IF CVNC.org CALENDAR and REVIEWS are important to you:

If you use the CVNC Calendar to find a performance to attend
If you read a review of your favorite artist
If you quote from a CVNC review in a program or grant application or press release

Now is the time to SUPPORT CVNC.org

Dance, Dance-Theatre Review Print

Connecting the LINES to Monk - Alonzo King's Ballet at Duke

September 27, 2007 - Durham, NC:

The Following Monk Project sprawled on in Duke’s Reynolds Theater with the appearance of the San Francisco contemporary ballet company Alonzo King's LINES. The connection to Monk is one of attitude and approach — Monk's music was not involved.

LINES is celebrating its 25th anniversary this year, and you can see that maturity in the superb dancing of King's thrilling choreography. But think about listening to Monk — doesn't it all sound brand-new every time? King's dances have that exploratory, adventuring quality that makes them like Monk's tunes. You notice the spaces between the bodies, the pauses in the motion, as well as the surprising steps and turns. The air becomes palpable as his dancers press it outward or swirl it around themselves. King is adept at both sculpting and patterning with his dancers, and — like Monk — makes strangely beautiful figures oddly angled, torqued and tilted, cantilevered into moments of gorgeous asymmetrical balance.

The program opened with Following the Subtle Current Upstream, from 2000, set to music by Zakir Hussain, Miguel Frasconi and Miriam Makeba. It began with a trio for men, then three solos, followed by a duet and a finale by the company, and it was mesmerizing from the start. The women were on pointe, and Meredith Webster was particularly notable for her crisp footwork. This fall she will become the fifth company dancer to win the Princess Grace Award.

The other work performed was The MOROCCAN Project, from 2005, set to a mystical, hypnotic commissioned score by Yassir Chadley, Bouchaib Abdelhadi and Hafida Ghanim. This is a 16-part work that flows and reverses like a tide or perhaps moving dunes. The individual dances were beautiful and intriguing and memorable, but the greater power was in the surge and flow through the scenes.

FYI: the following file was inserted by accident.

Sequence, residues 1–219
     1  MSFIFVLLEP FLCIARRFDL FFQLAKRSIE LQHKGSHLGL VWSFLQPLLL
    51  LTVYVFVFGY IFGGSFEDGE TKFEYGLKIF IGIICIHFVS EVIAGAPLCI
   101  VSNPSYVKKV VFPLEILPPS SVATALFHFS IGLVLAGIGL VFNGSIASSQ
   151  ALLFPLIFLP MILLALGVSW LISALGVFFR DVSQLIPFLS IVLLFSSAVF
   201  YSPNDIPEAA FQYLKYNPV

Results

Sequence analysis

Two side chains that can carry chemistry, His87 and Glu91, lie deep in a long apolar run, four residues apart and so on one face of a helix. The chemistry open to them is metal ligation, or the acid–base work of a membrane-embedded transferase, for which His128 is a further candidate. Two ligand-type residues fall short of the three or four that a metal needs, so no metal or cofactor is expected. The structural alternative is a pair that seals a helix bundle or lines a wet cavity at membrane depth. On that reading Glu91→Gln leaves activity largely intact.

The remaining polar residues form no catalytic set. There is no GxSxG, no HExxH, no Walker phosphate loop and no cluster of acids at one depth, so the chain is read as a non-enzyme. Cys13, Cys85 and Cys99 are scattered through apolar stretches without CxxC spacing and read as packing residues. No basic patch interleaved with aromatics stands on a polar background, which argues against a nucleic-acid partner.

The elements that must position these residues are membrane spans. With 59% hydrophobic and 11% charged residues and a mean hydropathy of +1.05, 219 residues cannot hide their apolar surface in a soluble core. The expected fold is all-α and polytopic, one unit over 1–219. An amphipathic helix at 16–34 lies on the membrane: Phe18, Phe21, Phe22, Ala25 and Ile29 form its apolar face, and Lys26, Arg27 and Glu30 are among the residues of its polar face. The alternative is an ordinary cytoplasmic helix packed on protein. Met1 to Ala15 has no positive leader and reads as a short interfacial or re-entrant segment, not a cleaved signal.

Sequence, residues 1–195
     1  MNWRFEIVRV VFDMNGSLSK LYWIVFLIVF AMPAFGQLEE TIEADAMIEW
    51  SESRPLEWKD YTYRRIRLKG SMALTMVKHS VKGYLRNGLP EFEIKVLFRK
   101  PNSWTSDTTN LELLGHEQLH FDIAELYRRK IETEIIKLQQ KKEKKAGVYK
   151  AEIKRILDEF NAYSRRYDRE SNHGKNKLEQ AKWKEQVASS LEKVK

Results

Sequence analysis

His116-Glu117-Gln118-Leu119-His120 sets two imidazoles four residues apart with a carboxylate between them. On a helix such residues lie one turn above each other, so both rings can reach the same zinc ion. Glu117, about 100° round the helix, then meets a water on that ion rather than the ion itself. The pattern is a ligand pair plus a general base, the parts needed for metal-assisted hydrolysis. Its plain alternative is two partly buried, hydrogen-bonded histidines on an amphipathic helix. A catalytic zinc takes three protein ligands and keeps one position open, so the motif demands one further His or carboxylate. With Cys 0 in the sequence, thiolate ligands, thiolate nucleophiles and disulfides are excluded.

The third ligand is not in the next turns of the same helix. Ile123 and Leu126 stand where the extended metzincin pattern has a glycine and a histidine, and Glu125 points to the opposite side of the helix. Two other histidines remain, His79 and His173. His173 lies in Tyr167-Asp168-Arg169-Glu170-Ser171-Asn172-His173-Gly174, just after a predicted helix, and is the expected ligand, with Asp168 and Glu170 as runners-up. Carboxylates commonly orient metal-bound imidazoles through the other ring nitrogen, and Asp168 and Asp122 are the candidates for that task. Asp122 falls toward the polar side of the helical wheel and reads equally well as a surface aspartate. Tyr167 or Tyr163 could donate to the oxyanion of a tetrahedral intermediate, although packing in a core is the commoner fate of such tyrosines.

Still, I did particularly note section XIII, for one woman and four men, because it related so closely to part of King's ballet Salt, which he set on the North Carolina Dance Theatre during the same period he was making this work. Here the four men, backs to us, form a wall before the woman, which she struggles to break through. When she finally succeeds in pushing them down, they just get up and make a new wall. In Salt, the dance is a female solo, and the other dancers are hidden by the actual walls they hold up.

LINES has another North Carolina connection. Company dancer Ashley Jackson was born in High Point, studied at the NC School of the Arts, and has danced for the NC Dance Theatre's second company. She was particularly notable in her duets with Ricardo Zayas. Let's hope that this return to the state will not be her only one, like Monk's famous 1970 date at Raleigh's Frog and Nightgown jazz club was his.

My companion for this evening of blood-racing ballet was a young woman, a scientist, who'd never been to any kind of dance before. As the lights came up, I looked over and saw her mouth ajar and a stunned look on her face that said her world had just gotten bigger, a lot bigger, and it was amazing. I had to agree. As much as a person can rag on Duke for any number of things, when Duke gives us something like the far-reaching arts of the Monk Project, we can see that it is still, praise be, a "universe city."